Looking down onto the main lobby was the second floor Tapestry Gallery. Here 26 tapestries from the Herter Looms were hung, depicting the military history of New York. Art critic Helen Henderson called them “important as examples of American tapestry.” Before being hung at the McAlpin, they were exhibited throughout the United States.
The second floor contained more public rooms: the men’s writing and lounging room, a café, the main dining room with its crystal chandeliers, and the banquet room with its vaulted and groined ceiling. On the 25th Floor were the ballroom and roof gardens.
Hidden away was the charming Chinese tearoom. The Steward magazine noted “the McAlpin Hotel teashop is serving a special Chinese luncheon and supper…and is proving very successful.”
That success, the magazine said, was due to the hotel’s hiring of “a number of dainty little American-born Chinese girls to serve as waitresses” as well as Chinese cooks. Until now, Chinese restaurants were considered decidedly middle-class; hotel restaurants traditionally served French cuisine. The little Chinese café was yet one more example of the hotel’s bold initiatives.
More impressive than the opulent Louis XVI-style dining room was the unusual Rathskeller located below ground in the first of three basements. Good Lighting and the Illuminating Engineer wrote “The rathskeller will be of exceptional interest to the public because of its color scheme and design. In floor area, it is said to be approximately double the size of any similar room in New York City and is designed with a series of columns supporting low-groined vaulting, the whole being constructed of polychrome terra cotta decorated in the feeling of the Spanish Renaissance.”
|The ornate terra cotta clad "Rathskeller" had become "The Grill Room" by the time this postcard was produced. The tile murals can be seen in the background. -- author's collection|
Terra cotta murals by artist Frederick Dana Marsh decorated the walls, depicting the maritime history of the city – responsible for the room’s renaming as The Maritime Grill. The space was sumptuous in color and design and created an other-worldly, fantasy setting.
Two years after opening, the hotel owners enlarged. The two 25-foot wide lots at 46 and 48 West 34th Street were purchased and a seamless addition was constructed adding 200 more rooms and another ballroom.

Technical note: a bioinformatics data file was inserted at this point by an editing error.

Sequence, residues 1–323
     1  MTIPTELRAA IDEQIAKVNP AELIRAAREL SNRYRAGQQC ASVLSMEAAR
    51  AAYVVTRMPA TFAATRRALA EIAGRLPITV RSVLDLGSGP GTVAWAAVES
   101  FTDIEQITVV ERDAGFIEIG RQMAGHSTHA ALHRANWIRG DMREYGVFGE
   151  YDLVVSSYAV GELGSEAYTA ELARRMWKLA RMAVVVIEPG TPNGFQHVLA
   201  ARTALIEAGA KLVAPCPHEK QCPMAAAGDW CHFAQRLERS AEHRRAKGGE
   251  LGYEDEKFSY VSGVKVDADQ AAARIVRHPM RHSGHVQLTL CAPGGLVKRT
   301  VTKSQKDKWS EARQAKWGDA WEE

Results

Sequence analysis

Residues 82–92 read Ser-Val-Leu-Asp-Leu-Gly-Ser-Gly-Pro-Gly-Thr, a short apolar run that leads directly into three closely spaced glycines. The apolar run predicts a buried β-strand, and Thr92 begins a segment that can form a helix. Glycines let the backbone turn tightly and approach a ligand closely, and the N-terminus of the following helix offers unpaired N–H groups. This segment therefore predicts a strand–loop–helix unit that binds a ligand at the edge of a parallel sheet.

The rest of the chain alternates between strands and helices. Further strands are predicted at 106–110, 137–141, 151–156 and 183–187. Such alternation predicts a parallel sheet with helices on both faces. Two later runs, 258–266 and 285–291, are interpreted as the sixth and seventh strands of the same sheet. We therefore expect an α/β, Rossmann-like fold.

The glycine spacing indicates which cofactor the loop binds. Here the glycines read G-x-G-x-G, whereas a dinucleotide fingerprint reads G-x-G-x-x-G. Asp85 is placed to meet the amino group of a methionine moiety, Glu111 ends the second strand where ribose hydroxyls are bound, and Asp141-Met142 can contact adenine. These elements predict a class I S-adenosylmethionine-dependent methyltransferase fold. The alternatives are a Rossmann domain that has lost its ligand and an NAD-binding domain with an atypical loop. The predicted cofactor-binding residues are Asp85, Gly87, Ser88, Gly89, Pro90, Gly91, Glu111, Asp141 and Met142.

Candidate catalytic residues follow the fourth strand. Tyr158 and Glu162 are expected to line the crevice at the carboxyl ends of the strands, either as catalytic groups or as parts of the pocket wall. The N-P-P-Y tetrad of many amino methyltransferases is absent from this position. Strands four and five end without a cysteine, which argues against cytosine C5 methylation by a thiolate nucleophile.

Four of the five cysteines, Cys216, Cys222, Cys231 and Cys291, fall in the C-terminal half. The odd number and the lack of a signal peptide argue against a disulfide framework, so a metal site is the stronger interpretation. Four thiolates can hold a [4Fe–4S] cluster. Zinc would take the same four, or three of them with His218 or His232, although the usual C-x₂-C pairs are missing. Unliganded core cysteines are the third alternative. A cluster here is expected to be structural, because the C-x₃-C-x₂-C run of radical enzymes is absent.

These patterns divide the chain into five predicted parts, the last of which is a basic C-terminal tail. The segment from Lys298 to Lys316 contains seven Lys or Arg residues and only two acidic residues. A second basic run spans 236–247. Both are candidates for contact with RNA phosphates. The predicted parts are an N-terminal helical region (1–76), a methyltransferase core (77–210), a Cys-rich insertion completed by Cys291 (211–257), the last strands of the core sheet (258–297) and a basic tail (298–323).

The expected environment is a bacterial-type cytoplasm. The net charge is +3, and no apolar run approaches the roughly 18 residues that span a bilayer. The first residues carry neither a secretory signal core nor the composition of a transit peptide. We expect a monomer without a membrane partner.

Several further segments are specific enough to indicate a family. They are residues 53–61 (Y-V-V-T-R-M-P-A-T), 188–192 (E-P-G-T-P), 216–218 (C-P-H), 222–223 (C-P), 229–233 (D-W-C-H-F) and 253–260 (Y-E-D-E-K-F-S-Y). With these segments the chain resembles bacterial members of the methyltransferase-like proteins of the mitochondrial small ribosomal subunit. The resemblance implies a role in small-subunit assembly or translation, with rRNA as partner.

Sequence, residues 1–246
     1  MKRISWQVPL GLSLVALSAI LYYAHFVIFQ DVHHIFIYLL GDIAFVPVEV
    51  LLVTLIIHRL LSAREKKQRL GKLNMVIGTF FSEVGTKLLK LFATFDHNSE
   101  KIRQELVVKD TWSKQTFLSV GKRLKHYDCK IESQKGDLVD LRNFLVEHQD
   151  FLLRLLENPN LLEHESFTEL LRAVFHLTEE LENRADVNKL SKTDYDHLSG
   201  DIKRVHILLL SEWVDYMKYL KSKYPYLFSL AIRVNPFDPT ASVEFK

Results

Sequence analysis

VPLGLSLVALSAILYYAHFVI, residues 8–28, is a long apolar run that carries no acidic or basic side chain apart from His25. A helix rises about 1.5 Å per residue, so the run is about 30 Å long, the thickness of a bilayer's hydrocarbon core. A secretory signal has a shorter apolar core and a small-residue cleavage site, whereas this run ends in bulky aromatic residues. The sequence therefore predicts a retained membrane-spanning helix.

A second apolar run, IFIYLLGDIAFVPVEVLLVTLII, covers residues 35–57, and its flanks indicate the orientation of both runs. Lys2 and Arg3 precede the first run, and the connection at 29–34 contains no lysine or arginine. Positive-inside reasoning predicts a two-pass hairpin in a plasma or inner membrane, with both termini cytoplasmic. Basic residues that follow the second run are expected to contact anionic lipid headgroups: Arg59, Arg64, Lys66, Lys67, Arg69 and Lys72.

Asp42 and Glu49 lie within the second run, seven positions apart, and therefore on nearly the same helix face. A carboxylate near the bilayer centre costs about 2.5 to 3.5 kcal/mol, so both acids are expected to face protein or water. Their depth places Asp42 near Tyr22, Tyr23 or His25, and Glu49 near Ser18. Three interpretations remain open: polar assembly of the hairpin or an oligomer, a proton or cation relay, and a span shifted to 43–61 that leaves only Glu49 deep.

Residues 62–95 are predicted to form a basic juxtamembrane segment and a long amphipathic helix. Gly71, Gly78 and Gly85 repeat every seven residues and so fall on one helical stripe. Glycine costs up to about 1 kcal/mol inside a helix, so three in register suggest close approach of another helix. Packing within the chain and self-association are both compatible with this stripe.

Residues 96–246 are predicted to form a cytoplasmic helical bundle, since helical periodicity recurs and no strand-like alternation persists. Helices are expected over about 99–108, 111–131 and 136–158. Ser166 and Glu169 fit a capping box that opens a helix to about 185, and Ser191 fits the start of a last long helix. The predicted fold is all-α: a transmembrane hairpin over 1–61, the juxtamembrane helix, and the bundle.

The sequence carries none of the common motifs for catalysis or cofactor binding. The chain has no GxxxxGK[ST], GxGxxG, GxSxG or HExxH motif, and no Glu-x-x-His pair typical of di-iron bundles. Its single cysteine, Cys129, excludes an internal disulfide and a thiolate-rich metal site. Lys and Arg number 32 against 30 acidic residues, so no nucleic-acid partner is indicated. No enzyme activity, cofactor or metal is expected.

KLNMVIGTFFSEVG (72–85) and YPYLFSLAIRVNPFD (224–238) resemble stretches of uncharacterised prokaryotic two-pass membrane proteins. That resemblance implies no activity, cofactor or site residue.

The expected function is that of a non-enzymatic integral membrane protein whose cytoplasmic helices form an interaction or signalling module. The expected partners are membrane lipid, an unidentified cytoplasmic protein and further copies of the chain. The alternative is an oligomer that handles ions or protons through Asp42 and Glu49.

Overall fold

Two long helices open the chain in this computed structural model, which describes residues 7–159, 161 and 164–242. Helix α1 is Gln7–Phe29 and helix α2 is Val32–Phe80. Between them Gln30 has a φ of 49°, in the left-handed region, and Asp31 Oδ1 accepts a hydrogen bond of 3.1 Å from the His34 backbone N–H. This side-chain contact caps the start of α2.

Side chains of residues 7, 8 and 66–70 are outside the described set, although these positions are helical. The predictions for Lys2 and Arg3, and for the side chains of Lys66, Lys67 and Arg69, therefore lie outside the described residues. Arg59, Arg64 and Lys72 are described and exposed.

In 1922 the McAlpin became one of the first hotels to connect ship-to-shore radios into their telephone system so guests could speak directly to voyaging friends or relatives. Three years later a circular, glass-enclosed radio studio was installed and station WMCA was born from which, among other programs, the McAlpin Orchestra performed. “Only professional entertainers will broadcast, as it has been decided not to extend the use of the microphone to amateurs,” vowed the management.
The hotel earned unwanted publicity when, on December 23, 1933, Cuban Congressman Armando Infante was beaten by two assailants in his room.
Jamlee Hotels purchased the building in 1938 for $5.4 million, spending another $1.75 million in renovations. In 1952 Jamlee president Joseph Levy met the Tisch Brothers, Larry and Bob, at a cocktail party, according to the 2001 “Wall Street People,” and convinced them to lease the McAlpin.
The Tiches spent $1 million to modernize and rehabilitate the hotel, resulting in a 20% increase in the occupancy rate and increased room rates. Within two years Levy sold the money-making hotel to the Sheraton chain for $9 million which renamed it the Sheraton-McAlpin and then the Sheraton-Atlantic.
In the meantime, the unique Marine Grill had been closed for several years and sat vacant and dusty until 1960 when it re-opened as an unexceptional restaurant. The astounding terra cotta décor remained intact, largely unnoticed, until the mid-1970s when a member of the Landmarks Preservation Commission stumbled upon it.
Before long word-of-mouth drew architectural historians to the Grill to ogle the irreplaceable interior. Unfortunately, no one bothered to nominate the one-of-a-kind space for landmark status.
|The upper floors are ornamented in exuberant polychrome terra cotta.|
|One of the rescued terra cotta murals -- photo nycsubway.org|
The building was renovated again in 2001 to condominiums, called the Herald Towers.
From the street, Frank Mills Andrews’ terra cotta encrusted Hotel McAlpin looks much as it did on opening day 1912, a dignified and handsome structure.
non-credited photographs taken by the author